P&Z could fulfill Danville’s need for preservationist
Published 8:04 am Thursday, June 15, 2017
Danville may have found a way to kill several budget birds with one stone, thanks to a suggestion from the incoming director of Planning and Zoning.
The city budget had included until this Monday up to $80,000 to pay for professional preservationist services, either by contracting with an outside company or hiring a new staff member. The position would have helped the Architectural Heritage Board reach legally defensible decisions on whether work to downtown historic buildings is appropriate; and it would have allowed the city to maintain its status as a “certified local government” — a designation bestowed by the Kentucky Heritage Council that means the city follows best practices for historic preservation.
The $80,000, which officials said was a maximum amount and may not all be needed, came under fire from critics who said it was non-essential and shouldn’t be paid for when the city is planning to raise taxes.
On Monday, the $80,000 was removed from the version of the budget that passed a first reading. But City Manager Ron Scott said if another goal of city commissioners is achieved — expanding Danville-Boyle County Planning and Zoning to a five-day work week — it could allow the city to meet its requirements anyway.
“Our new executive director of Planning and Zoning has suggested that perhaps they incorporate that (work) as part of their service and provide it to the city in a five-day work week,” Scott said.
Steve Hunter, former director of Warren County’s planning commission, is slated to take over as director of the local P&Z Commission in July. He is taking over for current Director Paula Bary, who is retiring after more than two decades with the commission.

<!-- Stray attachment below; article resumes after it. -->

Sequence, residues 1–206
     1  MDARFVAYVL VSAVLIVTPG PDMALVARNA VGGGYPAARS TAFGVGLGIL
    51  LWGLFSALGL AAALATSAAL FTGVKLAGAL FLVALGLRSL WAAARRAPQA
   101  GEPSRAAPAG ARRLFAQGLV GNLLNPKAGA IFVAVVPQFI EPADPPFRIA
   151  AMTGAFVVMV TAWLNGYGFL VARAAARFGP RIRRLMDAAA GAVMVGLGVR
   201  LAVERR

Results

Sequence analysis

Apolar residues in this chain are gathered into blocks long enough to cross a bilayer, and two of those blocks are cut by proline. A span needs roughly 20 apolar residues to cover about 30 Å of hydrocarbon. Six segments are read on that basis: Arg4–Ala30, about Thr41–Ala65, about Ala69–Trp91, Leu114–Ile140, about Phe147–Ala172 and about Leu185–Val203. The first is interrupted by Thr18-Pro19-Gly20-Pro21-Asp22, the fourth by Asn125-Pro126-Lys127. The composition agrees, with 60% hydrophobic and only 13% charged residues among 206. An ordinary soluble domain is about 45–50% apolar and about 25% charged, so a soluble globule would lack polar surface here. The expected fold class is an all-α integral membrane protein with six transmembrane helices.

Danville Mayor Mike Perros said later in Monday’s meeting that has had a phone conversation with Hunter, who told the mayor he “is going to work five days a week” and give each member of the city commission his cell phone.
“His message is loud and clear — if you have something you need to talk to him about, he doesn’t care what day, he doesn’t care what hour,” Perros said. “That’s the kind of pro-business things that I like to see.”
Elected officials in Danville and Boyle County have expressed a desire to see P&Z reinstitute a five-day work week, the same as the agency used to have prior to the 2008 recession. P&Z officials have said they don’t believe construction activity has rebounded to pre-recession levels and the fifth day is not necessary, but if the city and county will provide funding, they’ll do it anyway.
Danville has allocated $12,500 — half of the $25,000 it estimates it would cost to open P&Z on Fridays — in its budget, contingent upon the Boyle County Fiscal Court also providing an additional $12,500. The fiscal court has not included that new amount in its proposed budget.